We believe that a local store run by live local people is something of value - a store that curates film as a gallery would curate any other form of art, a store that actively promotes film in the community, a store with a real, tangible personality. Cinema Revolution creates an artistic context for your DVD rental experience; we help guide you through innumerable choices, and celebrate films that otherwise are marginalized or ignored. We are active in the community as well. Through the nearly five years of our existence, we have shot a feature film using all local talent, we have held dozens of film screenings through Cinema des Artistes and our Film Society, commissioned new original short films from local artists, held weekly live film discussion groups, started a local record label, and have helped actively promote countless festivals, performances and screenings by local producers. It is a major part of our mission to connect, support and inspire our local artistic community. If you value what we do for the community, we ask you to please help us continue in these endeavors.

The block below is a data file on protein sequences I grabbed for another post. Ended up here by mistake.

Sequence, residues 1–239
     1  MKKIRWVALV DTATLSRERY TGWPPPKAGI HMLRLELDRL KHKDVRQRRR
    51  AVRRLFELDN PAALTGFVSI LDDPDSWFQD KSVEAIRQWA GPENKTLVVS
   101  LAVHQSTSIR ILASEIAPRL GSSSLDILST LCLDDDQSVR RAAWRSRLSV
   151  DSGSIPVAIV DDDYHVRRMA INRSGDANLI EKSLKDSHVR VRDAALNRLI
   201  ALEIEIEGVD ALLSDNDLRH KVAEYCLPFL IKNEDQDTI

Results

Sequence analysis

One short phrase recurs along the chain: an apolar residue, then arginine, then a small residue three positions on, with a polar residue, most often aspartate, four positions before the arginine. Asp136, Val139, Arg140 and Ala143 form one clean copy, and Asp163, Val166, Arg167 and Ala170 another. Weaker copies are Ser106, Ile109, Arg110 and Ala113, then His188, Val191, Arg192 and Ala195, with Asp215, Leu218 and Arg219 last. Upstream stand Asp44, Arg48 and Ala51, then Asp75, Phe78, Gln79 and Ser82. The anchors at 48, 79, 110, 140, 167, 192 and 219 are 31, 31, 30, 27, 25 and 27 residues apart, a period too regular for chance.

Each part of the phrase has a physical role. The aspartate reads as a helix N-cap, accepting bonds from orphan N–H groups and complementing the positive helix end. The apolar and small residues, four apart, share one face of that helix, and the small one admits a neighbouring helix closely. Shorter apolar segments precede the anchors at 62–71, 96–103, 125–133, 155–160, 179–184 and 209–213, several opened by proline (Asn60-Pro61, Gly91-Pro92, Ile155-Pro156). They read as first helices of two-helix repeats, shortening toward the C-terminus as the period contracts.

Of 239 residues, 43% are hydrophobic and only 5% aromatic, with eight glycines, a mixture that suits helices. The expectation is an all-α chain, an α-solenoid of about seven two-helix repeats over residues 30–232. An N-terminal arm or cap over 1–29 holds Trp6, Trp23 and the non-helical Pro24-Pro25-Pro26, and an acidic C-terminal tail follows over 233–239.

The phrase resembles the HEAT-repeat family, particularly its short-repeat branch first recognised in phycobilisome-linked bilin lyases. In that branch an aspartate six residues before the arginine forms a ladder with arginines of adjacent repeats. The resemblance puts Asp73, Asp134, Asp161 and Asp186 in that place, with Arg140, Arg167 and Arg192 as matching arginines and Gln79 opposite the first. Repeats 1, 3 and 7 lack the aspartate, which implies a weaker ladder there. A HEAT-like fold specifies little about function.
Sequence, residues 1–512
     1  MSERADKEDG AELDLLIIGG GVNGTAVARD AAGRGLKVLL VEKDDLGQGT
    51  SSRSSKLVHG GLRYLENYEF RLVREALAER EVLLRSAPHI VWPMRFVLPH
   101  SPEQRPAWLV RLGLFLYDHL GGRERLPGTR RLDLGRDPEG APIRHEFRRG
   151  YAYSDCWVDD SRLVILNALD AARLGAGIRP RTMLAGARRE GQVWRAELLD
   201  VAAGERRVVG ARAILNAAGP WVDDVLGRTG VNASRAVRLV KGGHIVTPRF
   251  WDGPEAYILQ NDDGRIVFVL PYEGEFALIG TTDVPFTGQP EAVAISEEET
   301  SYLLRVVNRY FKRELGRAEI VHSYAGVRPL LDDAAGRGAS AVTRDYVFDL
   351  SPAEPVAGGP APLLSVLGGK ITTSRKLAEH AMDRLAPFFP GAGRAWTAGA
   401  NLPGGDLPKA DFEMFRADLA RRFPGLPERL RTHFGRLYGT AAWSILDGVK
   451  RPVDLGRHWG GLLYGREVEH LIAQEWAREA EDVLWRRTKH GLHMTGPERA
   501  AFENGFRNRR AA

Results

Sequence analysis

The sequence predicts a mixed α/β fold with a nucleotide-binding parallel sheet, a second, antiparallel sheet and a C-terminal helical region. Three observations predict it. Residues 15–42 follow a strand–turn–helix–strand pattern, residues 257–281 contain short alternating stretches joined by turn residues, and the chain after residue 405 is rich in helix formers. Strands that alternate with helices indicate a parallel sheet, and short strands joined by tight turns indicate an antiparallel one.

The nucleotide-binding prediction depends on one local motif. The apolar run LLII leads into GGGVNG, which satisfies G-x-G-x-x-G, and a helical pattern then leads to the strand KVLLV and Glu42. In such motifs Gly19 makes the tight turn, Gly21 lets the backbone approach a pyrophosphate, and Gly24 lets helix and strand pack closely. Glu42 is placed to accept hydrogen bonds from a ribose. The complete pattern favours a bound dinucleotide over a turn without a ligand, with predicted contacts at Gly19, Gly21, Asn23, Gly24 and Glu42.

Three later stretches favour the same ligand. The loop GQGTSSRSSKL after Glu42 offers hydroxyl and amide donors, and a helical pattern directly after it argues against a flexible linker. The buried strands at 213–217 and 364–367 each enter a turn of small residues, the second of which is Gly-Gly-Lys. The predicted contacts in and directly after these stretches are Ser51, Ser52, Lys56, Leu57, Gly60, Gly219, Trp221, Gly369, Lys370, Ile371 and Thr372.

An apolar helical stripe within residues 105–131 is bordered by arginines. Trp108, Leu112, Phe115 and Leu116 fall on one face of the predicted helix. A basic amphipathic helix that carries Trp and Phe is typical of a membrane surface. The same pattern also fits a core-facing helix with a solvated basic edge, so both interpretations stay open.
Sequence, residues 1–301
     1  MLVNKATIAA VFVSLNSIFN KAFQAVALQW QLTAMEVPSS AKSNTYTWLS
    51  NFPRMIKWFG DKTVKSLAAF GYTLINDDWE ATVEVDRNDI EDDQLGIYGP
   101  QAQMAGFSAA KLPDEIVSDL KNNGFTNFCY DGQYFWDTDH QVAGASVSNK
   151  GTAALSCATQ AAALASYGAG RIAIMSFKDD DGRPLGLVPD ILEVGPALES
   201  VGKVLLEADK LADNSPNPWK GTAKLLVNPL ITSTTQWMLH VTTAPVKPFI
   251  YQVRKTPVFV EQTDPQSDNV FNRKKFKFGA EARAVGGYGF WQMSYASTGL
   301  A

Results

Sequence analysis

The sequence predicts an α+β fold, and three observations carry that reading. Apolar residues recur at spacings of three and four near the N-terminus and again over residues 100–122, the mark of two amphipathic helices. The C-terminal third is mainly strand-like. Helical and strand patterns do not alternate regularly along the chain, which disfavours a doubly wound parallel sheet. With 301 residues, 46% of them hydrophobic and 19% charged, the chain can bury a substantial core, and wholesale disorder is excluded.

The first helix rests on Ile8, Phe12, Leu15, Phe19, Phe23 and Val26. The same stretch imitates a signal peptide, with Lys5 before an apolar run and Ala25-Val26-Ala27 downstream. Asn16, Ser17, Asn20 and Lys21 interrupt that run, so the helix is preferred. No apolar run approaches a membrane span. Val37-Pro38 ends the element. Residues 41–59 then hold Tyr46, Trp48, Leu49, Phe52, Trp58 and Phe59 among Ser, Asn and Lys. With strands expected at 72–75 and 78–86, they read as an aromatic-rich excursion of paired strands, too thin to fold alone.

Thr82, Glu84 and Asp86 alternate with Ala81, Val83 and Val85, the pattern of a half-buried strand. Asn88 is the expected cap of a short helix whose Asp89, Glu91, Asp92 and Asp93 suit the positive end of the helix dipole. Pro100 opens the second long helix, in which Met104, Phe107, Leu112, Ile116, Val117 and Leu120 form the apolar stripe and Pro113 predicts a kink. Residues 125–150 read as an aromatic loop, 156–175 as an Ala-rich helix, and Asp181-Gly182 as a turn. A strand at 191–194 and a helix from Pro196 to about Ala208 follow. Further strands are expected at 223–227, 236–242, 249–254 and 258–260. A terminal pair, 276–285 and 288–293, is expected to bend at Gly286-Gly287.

So, if you can donate a little bit to help them out, if you can't do that, make an effort to rent some films from there, go to a screening hosted by Cinema Revolution, or participate in one of their weekly film discussions.

Here are the details sent out about how you can help out:

We are seeking to raise $5,000 by September 15th to help make our move to a new location a reality, as it cannot be done without this additional support. The suggested donation is $20 (and if 250 people can do this, we will make our goal), but please feel free to give at any level you can afford. With your collective help we can make this happen.